A few days ago, when I wrote that I was putting together a computer for my mother, I said that I’d put up photos. I’m sure many of you rolled your eyes and said to yourself, “I bet that’s going to go the same way as the posts about freedom of speech, the post about hate speech, the next installment of her autobiography….” Aha! Well, here’s the pictures.
Conveniently for making me look like the world’s most wonderful daughter, I did this right before mother’s day.
First, box porn! Yay!
I originally planned to put this together for my sister. The requirements for my mother and my sister would have been a little bit different. My sister specifically wanted a quiet computer. We originally toyed with the idea of doing something like this completely silent computer shown on Tom’s Hardware, only a little less powerful, however the cost of a passively cooled power supply was a little too much. My mother probably would have gone in a more “budget” direction, so it’s just as well that we didn’t spend the money on that. Since my sister is a business person, I went with a fairly sober case, seen on the far right. Fortunately, that was good for my mother, too, although I probably would have gone with a smaller case for her. Although I felt that the case was a little expensive when I got it, it is nicely made and was very easy to work with.
I looked at the laptop my sister had been using and she had uses so little storage on her hard disk drive that I realized that we could get away with a single solid state drive making her computer super quiet. Again, my mother probably would have frowned at the expense, but it was more than enough storage for her, so that was good. Gosh, aren’t they small. We really could have gone with a smaller case without any problem.
Here’s a birdseye view of the motherboard. Again, the fact that the motherboard came with bluetooth/wifi module would be good for my sister. For my mother, I could have saved a few bucks on the motherboard. Well, it’s there if she feels that she wants it.
This is a close-up of the socket on the motherboard. I didn’t take a picture of the CPU. The central processing unit is the heart, or if you prefer the brains, of the computer. We went with an Intel CORE i3-3220. We decided on this so long ago, it’s hard for me to recall the reasoning. (It may have been on sale. I spent about a month or so watching for price drops on PC Part Picker, a very useful site, by the way.) The CPU goes into this socket.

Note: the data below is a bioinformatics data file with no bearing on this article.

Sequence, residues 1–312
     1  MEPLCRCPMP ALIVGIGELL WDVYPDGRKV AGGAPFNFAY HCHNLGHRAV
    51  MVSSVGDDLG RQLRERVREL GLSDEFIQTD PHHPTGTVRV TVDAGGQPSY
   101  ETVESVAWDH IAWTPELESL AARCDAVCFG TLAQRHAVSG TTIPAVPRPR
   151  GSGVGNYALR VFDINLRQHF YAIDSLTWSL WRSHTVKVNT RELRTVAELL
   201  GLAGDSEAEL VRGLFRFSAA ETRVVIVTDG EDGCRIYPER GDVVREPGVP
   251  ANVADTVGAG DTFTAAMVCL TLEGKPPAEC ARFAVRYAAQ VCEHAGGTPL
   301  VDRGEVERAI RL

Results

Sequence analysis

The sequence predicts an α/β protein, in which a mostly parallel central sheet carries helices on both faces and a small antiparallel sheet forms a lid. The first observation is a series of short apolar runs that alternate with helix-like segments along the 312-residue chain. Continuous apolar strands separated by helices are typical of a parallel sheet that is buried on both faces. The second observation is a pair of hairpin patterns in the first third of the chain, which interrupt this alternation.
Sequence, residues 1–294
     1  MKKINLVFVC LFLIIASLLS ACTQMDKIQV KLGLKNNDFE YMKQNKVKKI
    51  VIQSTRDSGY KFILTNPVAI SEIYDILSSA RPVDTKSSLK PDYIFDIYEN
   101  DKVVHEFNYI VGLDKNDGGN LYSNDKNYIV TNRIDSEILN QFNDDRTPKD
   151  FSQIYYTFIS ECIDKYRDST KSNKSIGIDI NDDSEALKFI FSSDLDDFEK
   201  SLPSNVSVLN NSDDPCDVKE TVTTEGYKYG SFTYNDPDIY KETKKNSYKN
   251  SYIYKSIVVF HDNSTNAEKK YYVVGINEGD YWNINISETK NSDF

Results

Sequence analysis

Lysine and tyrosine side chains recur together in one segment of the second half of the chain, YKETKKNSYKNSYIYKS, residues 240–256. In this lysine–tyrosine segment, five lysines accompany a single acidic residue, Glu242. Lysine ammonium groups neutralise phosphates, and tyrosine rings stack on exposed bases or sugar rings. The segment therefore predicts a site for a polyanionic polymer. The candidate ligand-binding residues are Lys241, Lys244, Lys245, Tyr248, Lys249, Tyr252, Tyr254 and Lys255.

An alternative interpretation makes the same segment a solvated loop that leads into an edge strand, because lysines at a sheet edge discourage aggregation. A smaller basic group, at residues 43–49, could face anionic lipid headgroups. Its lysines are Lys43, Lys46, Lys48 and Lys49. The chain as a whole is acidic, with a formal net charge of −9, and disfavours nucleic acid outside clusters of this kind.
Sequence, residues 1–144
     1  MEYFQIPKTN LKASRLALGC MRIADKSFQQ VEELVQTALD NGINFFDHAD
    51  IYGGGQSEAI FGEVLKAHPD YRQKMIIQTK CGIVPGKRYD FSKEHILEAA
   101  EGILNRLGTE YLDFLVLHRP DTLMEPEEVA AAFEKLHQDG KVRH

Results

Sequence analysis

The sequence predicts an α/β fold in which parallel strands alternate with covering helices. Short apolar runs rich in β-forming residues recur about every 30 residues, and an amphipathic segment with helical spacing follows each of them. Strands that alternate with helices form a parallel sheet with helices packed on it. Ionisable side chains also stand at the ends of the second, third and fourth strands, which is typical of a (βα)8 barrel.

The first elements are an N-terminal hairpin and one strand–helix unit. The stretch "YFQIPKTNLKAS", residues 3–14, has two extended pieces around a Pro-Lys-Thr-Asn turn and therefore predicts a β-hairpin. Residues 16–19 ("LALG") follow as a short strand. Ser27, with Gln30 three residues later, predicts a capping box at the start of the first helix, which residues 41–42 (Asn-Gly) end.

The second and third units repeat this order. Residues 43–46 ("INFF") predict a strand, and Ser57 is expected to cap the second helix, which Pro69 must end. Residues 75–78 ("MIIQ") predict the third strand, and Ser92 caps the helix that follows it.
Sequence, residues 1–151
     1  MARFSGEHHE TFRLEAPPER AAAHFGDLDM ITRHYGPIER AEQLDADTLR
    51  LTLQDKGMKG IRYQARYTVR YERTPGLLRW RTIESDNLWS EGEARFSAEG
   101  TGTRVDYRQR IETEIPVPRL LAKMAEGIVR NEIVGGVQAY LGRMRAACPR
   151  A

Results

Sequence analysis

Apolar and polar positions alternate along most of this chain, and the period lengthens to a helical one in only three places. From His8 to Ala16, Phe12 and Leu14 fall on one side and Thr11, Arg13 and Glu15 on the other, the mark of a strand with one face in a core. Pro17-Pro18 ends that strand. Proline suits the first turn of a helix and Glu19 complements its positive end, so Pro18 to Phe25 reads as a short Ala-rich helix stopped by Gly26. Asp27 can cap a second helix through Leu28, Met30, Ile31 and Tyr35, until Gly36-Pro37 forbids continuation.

Here’s the motherboard with the aftermarket cooler installed. The CPU is underneath all that. My main reason for getting this was on account of the noise. Most CPUs come with a little fan that you put on top to keep the chip cool. Gamers who are planning on pushing their computer to its limits or people with a fetish for silence like my sister might want an aftermarket cooler like this. In retrospect, I probably should have saved this for another project since my mother really didn’t need it.
The memory sticks go into the slots on right edge of the motherboard. This is what is called “volatile” memory. Unlike what you store on your hard drive, what is stored on these memory sticks disappears when you shut off the computer. It is “temporary storage and working space for the operating system and applications.” I already had the sticks of RAM, or I would have chosen something less expensive. Also, they didn’t fit well with the cooler. I took off one of the two fans. I’m going to check the temperature on the CPU, but the way my mother uses her computer I think it should be fine.
Here we’re almost done. The motherboard is populated and has been put inside the case. We just have to make sure it works, tidy the up the wire and close the case.
Here is the computer up and running on my mother’s desk.
I didn’t know if I should explain in detail or not, so please ask any questions if something wasn’t clear or you’re curious about something.